When I told my daughter, Em, the other day that I was heading over to our local park to see what might be happening in its stormwater-management pond, she was very understanding. She didn’t roll her eyes and wonder what could possibly interest me there.
That’s because she knows, like I do, that stormwater ponds are wonderful things in our dense urban environment. They reduce flooding after heavy rains, reduce erosion caused by high volumes of flowing water, and clean that water by allowing pollutants and solids like sand and dirt to settle out.
There’s something else about these engineered ponds. Birds and other animals didn’t get the memo that these small bodies of water were made by humans; they flock to them for feeding, bathing, drinking, mating and loafing, just as if the ponds were natural and had been there a hundred years. That makes them prime spots to observe wildlife in the city.
On the day I went to our local stormwater pond, I was hoping to see one or more of the big birds that often stop by for an easy meal. But none of our regular visitors — great blue herons, black-crowned night herons and egrets — were in view. I decided to pick a spot on the pond’s banks and just watch for a while. You never know what might fly in.
A double-crested cormorant landed with a small splash, its turquoise eyes glittering like stars. A pair of mallards paddled by within a feather’s width of the cormorant, undisturbed by the much bigger diving bird now sharing their habitat.
As my eyes became familiar with the tangle of vegetation rimming the shore and the mats of broken Phragmites floating on the water, I noticed what appeared to be a shapeless smudge atop the reeds. The sun was behind the shape, making it hard to discern detail. But with my binoculars, a blackish beak and a short, stubby tail came into view. It was a green heron hunched over the water, fishing.
From my observation spot on the pond’s shoreline, hidden behind a screen of reeds, I was able to watch the heron work the waters, undisturbed, for an hour or more. When it perceived potential prey under the surface of the water, it picked up one of its orange Popsicle-coloured feet from the reeds and deliberately moved it a few inches closer to its intended victim. The bird’s movements were so unhurried and precise it seemed like I was watching a slow-motion replay of a film.
Once the heron had positioned itself within striking distance, it plunged its stocky beak into the water with a sharp darting motion to grasp its prey. This bird was no rookie in the fishing department. While green herons are among the species of birds known to use tools, using bread crusts, mayflies and feathers as lures — members of the crow family are other well-known tool users — the bird I watched seemed to have no need of such advanced technique: on nearly every one of its lunges into the water, it surfaced with a little morsel to send slithering down its gullet.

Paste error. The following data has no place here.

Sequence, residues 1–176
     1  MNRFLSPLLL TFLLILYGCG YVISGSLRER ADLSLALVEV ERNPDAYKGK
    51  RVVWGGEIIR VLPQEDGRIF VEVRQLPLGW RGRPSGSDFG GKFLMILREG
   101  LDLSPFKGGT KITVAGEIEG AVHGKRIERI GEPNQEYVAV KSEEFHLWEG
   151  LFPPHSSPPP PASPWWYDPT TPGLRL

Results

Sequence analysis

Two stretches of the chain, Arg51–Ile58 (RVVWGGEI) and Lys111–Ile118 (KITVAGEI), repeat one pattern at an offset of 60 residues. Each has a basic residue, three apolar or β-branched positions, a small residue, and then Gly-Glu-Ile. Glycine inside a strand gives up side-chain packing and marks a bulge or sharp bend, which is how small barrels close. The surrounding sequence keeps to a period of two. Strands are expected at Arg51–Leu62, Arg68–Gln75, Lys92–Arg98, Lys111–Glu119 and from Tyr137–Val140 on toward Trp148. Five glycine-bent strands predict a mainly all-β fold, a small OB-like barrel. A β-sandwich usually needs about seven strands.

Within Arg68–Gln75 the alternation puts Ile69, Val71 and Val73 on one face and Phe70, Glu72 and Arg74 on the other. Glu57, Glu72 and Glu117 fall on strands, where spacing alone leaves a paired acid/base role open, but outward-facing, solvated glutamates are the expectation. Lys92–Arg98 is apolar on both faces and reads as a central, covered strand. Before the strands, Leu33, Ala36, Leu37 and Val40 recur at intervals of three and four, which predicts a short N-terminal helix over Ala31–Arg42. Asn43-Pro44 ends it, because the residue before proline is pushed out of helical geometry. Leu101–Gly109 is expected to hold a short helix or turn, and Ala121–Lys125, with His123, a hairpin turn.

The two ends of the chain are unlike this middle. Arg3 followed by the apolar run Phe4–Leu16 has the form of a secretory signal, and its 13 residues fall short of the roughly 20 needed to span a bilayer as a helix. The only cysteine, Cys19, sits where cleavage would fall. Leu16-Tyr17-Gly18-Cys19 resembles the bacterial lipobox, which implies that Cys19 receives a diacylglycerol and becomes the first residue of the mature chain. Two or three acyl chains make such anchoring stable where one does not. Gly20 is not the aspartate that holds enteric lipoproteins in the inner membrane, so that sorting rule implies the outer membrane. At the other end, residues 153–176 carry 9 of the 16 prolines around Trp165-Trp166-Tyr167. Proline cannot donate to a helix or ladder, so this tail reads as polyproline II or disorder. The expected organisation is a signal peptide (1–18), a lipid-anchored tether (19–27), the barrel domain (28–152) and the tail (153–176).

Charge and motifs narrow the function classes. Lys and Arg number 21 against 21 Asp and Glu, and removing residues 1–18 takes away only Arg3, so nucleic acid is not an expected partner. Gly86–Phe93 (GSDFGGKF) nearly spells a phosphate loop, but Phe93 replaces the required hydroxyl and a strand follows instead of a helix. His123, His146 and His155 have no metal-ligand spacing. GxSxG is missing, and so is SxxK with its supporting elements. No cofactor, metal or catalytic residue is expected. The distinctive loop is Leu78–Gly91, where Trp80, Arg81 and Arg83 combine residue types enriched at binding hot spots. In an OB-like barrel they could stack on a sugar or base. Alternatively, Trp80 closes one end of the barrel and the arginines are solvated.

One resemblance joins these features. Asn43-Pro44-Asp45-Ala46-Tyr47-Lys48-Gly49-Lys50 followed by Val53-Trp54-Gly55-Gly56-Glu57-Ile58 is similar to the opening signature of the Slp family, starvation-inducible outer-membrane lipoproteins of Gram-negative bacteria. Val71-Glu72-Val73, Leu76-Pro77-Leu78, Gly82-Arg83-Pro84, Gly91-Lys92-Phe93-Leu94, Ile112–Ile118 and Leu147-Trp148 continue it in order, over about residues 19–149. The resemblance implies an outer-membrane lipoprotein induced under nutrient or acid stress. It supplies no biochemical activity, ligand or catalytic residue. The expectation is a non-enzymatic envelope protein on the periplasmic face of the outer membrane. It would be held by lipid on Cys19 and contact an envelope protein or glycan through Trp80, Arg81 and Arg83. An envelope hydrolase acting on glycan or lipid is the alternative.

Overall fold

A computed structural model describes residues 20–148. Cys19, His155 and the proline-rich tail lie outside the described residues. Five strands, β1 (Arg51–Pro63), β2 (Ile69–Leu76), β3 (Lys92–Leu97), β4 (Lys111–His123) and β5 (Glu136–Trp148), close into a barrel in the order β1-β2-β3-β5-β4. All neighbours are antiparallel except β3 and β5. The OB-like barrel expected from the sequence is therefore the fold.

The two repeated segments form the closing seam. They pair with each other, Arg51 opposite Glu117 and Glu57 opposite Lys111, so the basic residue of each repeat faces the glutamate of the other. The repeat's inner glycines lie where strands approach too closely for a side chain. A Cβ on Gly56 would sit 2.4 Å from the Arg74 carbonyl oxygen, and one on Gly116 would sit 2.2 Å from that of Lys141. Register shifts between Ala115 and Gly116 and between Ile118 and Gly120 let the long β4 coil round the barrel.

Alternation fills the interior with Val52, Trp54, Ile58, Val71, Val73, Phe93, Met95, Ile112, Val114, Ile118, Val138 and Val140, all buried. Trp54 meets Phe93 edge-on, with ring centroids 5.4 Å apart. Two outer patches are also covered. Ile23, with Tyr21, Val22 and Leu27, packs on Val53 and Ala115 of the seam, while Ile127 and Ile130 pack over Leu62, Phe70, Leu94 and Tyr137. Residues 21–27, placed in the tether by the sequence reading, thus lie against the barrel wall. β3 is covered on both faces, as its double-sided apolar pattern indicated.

Even with my binoculars, it was hard to identify the food the heron managed to catch; it seemed to be mostly small, nearly transparent fish and some invertebrates that could have been tiny crustaceans.
Hoping to get a photo in better light, I inched along the pond’s shoreline until the sun’s rays were illuminating my subject’s feathers. Now, instead of being a crow-sized silhouette atop the reeds, the heron was a riot of colours. A luxurious mane of burgundy feathers swished down its neck, bordering stripes of chocolate and vanilla marking its breast and belly. Its wing feathers were a shade of dark blue cross-hatched with cream.
But where was the green on this green heron? It was only when the bird stood at a particular angle with the sun’s rays directly on its back and wings that I could even pretend to see any. Teal? Perhaps there were a few wing feathers that could be called teal. If I squinted.
When I got back home from the pond, I showed my photos to Em.
“Why is it called a green heron?” she asked. “That bird’s not a bit of green. If anything, it’s blue.”
I asked her if she remembered the Magic Wagon our family had when she and her brothers were small. That old workhorse was teal, the colour you would get if you mixed equal amounts of blue and green paint on a palette.
She allowed that the heron’s wing and back feathers might be teal, but then wondered why the bird wasn’t named for the magnificent purplish-brown feathers down its neck and sides.
“It makes no sense. This bird should be called the burgundy heron.”
“Take it up with Carl Linnaeus,” I said. “He saw fit to give this bird its species name, Butorides virescens, in 1758. Virescens means ‘greenish’ in Latin.”
I sounded smart, but in the next breath I admitted I wouldn’t have known the origin of the heron’s name if I hadn’t just looked it up. We agreed, at least, that despite its apparently misleading name, my discovery in the pond was a truly handsome specimen.
Em loves birds almost as much as I do. But she still thinks every squirrel outshines all my avian friends, including my not very green heron.
Reach M.L. Bream at [email protected]